Magazine article The Christian Century
Dust to Dust
Sometimes we are hoist on our own petards when we print readers' submissions of typographica errors. The March 1 M.E.M.O made a mistake about a nonmistake. Joy Urban on staff, who reads 17th-century British poetry and sings British music, caught it. We had noted that a Presbyterian congregation in Riverwood, New Jersey, heard a soloist sing Ralph Vaughan Williams's "Love Bade
Me Welcome," with the line: "Yet my soul drew back, guilty of dust and sin." And we added: "Just before cleaning day?"
Let me say first that the Riverwood Presbyterians are elected and predestined to hear good music. I have heard Williams's settings of the George Herbert songs in recital and overheard them in rehearsa. Harriet Marty has coached a baritone in singing the words that we thought were garbled.
Not having Williams's music at hand, I checked with The New Oxford Book of English Verse, which had been gathering dust, and found the line that revealed my sin. It's in some memorizable lines in one of Herbert's memorable poems, "Love." "Love bade me welcomde; yet my soul drew back,/Guilty of dust and sin . . ."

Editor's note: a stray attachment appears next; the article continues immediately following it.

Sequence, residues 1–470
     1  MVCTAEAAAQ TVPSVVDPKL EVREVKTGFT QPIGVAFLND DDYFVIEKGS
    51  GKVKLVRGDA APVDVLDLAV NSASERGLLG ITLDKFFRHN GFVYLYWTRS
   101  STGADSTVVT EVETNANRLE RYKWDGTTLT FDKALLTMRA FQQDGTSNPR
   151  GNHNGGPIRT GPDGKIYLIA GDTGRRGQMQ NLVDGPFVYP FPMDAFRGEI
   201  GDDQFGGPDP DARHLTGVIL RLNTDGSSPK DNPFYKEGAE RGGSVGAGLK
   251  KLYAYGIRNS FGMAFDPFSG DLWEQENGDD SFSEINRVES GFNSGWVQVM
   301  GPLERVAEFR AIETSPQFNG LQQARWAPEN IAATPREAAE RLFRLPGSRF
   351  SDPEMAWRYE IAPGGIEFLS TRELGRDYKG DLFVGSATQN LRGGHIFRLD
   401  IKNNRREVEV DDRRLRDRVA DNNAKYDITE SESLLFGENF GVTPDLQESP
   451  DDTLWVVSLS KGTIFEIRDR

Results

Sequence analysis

Guilty of dust? Certainly "lust" -- or, for a burnisher, "rust"? We learn as the poem goes on that its speaker for a time refuses love's questioning, inviting and smiling, because "I" possess "marred" eyes that are not ready to look on pure and holy love; hence, "shame."
Why is this important? It was important to me because my marred eyes were shamed by my act of not knowing or catching a Riverwood typist in the act of not being guilty. That's good for ecumenical relations, because Lutherans want to be best at "drawing back" in guilt, and henceforth I will have a new guilt to keep in my arsena of Things to Be Forgiven. …